EDITORIAL | Krishna’s sublime freedom raga

EDITORIAL | Krishna’s sublime freedom raga

Carnatic music vocalist TM Krishna perform during the concert," Awam ki Awaz" at the Garden of Five Senses in New Delhi on Saturday, Nov 17,2018 .(PTI Photo)

The AAP government of Delhi acted rightly and honourably by inviting Carnatic musician T M Krishna to perform in the national capital on Saturday. The AAP government’s gesture has shown in sharper relief the wrong done by the Airports Authority of India (AAI), which had sponsored a programme by the musician and then postponed it because of “some urgent engagements’’. The postponement was actually a cancellation, and it was not just an insult to the artiste, but a challenge to the artiste’s right to sing, to speak and to write. Krishna is an outspoken critic of the Narendra Modi government, the BJP and the Hindutva ideology. His persistent criticism of the government’s policies and ideology drew vicious trolling on a large scale from Hindutva activists, and there is no doubt that that is what led the public sector organisation to drop the programme.   

Krishna is among the foremost practitioners of Carnatic music today and has tried to make the largely tradition-bound music more inclusive and democratic. He has tried to break some entrenched conventions of the music and taken it to castes and classes which were thought to have been beyond its appeal. He has sung compositions on Jesus and Allah, Gandhiji and Tukaram, and verses by author Perumal Murugan to affirm the universality of the art. Music has no language, no boundary, and it is for the entire society. Apart from being a rebel with a raga, he has also been a staunch critic of the present government and the Hindutva ideology and its champions. As an activist, he has supported the rights of women and other underprivileged and oppressed social groups advocated environmental causes and pointed out the dangers of the brand of narrow religious nationalism being propagated in the country. But the Magsaysay award winner has been dubbed anti-national and an ‘urban Naxal’, the latest phrase of abuse and insult of the right-wing groups, and has been relentlessly trolled.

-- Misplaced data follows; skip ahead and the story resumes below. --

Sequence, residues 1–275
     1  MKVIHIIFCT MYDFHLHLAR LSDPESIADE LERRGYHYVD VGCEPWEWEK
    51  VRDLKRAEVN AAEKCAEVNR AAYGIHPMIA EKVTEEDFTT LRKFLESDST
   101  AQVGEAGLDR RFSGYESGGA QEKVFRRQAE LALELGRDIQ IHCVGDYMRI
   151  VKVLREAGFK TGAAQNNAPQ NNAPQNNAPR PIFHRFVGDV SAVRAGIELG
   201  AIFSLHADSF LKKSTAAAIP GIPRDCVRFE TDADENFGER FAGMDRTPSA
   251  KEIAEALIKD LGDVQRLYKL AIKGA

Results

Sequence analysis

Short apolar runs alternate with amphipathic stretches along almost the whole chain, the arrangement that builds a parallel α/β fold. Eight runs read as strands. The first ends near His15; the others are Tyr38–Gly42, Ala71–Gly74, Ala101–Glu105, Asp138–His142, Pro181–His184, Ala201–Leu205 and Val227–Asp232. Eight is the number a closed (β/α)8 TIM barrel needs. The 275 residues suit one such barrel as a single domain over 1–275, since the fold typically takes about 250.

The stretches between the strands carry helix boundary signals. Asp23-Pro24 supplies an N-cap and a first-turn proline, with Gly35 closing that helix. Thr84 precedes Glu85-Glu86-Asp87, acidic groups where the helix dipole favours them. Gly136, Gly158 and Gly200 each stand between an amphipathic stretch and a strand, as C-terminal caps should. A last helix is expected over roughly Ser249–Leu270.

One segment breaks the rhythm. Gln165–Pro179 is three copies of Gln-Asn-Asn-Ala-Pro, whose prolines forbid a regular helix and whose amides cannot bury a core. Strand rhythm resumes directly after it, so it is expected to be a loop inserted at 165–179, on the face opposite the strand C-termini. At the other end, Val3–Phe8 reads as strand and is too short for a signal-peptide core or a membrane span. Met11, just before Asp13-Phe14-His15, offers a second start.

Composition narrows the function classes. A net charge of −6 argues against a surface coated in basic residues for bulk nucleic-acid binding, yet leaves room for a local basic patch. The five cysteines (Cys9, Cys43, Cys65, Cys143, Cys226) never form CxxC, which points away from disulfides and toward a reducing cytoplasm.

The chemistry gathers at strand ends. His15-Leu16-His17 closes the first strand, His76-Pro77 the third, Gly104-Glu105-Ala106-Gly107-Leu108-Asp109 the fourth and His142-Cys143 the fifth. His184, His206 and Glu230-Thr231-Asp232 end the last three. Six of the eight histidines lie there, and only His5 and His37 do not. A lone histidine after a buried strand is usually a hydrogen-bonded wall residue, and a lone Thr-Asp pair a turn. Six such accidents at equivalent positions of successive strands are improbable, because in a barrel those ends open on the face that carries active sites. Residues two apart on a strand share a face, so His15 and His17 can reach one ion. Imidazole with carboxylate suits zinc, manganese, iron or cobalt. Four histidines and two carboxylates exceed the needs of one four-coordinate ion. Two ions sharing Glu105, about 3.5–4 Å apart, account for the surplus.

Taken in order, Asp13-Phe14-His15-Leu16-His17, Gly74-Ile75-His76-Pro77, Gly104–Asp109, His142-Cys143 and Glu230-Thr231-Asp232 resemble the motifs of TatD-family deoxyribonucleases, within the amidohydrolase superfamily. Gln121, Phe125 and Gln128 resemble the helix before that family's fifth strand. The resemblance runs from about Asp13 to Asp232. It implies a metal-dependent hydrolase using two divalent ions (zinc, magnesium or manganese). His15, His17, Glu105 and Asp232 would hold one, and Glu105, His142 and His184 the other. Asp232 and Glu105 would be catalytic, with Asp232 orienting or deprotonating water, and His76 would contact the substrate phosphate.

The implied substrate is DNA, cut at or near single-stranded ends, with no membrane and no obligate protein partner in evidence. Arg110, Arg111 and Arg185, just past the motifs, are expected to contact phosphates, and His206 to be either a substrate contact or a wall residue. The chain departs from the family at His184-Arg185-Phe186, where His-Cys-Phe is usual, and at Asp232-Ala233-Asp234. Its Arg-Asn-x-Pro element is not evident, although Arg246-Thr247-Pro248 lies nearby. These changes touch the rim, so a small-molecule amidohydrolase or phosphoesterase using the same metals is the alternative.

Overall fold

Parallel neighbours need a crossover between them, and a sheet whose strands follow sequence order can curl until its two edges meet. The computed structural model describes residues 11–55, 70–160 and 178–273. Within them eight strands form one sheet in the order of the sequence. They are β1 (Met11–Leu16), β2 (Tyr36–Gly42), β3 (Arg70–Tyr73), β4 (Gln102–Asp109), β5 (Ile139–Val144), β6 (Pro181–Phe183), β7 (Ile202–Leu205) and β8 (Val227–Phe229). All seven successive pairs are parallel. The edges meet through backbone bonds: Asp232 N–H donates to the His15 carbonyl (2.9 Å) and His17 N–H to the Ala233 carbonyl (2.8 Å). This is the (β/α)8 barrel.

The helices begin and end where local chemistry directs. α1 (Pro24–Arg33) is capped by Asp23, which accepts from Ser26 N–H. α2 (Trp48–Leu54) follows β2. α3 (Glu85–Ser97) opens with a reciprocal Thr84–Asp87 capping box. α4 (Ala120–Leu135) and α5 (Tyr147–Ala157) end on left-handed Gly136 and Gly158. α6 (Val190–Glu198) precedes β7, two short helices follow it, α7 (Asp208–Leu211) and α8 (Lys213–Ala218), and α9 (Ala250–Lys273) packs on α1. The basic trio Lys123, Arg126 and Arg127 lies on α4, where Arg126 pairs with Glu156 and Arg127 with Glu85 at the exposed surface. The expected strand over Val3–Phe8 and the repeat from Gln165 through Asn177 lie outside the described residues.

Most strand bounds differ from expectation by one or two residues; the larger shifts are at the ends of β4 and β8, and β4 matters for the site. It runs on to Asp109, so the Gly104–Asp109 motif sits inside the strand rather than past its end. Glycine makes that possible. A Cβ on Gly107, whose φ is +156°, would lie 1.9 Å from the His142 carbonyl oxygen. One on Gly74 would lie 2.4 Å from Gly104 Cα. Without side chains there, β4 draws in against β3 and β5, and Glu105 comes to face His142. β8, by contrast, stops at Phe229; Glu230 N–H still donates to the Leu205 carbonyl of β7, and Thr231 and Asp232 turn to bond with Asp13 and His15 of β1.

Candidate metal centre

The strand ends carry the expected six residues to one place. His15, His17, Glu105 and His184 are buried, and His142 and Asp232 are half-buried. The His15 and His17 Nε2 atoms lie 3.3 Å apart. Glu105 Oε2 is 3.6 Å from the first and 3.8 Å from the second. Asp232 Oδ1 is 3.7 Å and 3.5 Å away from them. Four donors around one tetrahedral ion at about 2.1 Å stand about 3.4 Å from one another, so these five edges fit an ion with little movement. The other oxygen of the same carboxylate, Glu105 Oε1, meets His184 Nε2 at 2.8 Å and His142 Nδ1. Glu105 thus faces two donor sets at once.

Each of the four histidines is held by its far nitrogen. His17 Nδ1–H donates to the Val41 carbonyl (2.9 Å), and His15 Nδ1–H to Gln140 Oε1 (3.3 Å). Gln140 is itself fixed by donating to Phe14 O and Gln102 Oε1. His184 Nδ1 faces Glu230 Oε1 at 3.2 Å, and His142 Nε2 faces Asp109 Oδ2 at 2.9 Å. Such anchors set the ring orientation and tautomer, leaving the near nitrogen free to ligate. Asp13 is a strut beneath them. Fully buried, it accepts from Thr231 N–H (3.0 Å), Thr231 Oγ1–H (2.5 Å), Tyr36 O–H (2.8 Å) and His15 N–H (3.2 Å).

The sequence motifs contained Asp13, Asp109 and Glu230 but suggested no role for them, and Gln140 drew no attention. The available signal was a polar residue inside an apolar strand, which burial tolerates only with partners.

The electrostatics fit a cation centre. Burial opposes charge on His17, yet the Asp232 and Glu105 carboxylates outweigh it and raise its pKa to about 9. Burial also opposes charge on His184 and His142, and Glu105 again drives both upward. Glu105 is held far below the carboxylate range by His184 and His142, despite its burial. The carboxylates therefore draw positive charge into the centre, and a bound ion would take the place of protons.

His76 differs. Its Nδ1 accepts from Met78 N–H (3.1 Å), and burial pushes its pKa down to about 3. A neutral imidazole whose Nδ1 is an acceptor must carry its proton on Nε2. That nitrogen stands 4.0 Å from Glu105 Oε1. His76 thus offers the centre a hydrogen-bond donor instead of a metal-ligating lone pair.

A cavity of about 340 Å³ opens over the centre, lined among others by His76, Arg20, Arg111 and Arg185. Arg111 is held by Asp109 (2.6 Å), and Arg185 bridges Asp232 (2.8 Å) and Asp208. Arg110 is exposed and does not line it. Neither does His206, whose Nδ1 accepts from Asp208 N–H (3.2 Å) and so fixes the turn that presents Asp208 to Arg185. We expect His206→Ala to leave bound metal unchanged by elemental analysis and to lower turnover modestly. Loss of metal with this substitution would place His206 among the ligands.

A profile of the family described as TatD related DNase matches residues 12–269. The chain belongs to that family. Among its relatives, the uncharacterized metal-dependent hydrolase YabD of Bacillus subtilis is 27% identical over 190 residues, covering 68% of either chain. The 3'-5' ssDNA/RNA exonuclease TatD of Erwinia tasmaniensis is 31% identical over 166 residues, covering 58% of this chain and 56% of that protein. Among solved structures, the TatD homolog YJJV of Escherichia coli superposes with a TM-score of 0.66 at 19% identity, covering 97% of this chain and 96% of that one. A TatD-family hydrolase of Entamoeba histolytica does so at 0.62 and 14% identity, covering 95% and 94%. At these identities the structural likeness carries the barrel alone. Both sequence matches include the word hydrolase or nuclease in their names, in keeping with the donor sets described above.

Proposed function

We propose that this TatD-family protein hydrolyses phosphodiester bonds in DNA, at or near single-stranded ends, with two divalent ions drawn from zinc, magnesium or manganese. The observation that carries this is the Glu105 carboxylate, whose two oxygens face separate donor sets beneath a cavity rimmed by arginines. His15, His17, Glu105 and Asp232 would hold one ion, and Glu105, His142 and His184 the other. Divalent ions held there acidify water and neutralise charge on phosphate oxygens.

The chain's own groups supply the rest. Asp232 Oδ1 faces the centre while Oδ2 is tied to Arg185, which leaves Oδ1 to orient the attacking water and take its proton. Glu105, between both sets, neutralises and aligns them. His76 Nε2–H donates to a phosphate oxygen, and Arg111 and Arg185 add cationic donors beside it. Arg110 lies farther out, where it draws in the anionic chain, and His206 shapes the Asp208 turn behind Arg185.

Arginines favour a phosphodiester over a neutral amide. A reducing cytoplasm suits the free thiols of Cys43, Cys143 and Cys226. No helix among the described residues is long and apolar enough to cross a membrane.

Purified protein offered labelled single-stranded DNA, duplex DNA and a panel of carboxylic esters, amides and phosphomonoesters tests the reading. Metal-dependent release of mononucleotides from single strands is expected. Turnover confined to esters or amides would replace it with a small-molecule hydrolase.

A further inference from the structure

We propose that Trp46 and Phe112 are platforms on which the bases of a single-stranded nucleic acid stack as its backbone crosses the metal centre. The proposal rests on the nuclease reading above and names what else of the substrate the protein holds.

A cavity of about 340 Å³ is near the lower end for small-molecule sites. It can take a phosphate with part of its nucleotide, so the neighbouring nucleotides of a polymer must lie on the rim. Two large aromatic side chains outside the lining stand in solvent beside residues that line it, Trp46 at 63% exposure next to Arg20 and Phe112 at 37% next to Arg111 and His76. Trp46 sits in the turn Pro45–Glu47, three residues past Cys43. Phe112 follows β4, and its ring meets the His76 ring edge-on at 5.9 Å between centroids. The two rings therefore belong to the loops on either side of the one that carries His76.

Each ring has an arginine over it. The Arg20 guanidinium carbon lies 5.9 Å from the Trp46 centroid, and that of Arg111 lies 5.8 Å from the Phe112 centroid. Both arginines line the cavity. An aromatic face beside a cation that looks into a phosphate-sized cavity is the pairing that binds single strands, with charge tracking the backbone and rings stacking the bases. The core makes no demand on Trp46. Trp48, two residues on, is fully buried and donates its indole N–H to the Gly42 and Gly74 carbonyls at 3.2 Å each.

After Saturday’s concert, Krishna said that it was “a day to celebrate democracy’’ and that he is worried about the “anger which is easily bubbling into violence’’ and the hatred that is becoming normal in the country. This should worry not only him but everyone. It was not just an artiste’s freedom that was suppressed in Delhi. It concerns every citizen because the right to dissent and to criticise is basic to democracy. It should be noted that the government had no comment when the AAI, which is controlled by it, cancelled Krishna’s programme. The show still happened but, as Krishna said, freedom, which is the natural way of life, should be asserted every time it is threatened.  

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